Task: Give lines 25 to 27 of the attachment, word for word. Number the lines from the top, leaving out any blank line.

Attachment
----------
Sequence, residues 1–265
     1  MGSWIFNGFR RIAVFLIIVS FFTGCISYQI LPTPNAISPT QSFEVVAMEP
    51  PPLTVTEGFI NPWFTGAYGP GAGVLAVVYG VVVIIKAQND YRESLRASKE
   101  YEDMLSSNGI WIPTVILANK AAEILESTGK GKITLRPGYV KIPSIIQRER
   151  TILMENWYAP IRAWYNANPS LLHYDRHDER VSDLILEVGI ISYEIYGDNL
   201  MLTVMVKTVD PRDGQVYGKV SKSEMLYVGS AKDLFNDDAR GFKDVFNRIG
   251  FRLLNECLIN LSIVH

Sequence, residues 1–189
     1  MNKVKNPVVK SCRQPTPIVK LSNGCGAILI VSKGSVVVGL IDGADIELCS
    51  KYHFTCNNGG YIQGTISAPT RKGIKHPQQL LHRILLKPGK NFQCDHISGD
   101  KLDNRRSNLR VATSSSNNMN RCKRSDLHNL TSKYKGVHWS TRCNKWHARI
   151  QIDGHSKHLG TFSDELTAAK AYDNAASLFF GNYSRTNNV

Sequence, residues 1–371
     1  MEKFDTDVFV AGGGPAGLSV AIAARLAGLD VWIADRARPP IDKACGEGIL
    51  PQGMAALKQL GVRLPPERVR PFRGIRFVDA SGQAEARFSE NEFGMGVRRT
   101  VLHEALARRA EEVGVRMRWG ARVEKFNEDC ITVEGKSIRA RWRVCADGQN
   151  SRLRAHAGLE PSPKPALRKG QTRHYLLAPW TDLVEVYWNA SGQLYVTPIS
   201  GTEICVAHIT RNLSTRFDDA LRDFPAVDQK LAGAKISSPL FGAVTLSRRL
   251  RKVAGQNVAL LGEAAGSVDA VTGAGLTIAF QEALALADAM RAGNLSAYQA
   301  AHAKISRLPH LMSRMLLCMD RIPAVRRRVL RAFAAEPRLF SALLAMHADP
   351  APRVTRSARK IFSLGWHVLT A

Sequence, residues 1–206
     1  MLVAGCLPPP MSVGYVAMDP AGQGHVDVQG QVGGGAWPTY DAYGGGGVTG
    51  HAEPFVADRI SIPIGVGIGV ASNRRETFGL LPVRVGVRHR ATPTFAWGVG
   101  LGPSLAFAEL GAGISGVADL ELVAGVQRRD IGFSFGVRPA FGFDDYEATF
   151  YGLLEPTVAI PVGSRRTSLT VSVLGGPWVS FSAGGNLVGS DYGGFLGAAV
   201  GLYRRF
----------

   101  LGPSLAFAEL GAGISGVADL ELVAGVQRRD IGFSFGVRPA FGFDDYEATF
   151  YGLLEPTVAI PVGSRRTSLT VSVLGGPWVS FSAGGNLVGS DYGGFLGAAV
   201  GLYRRF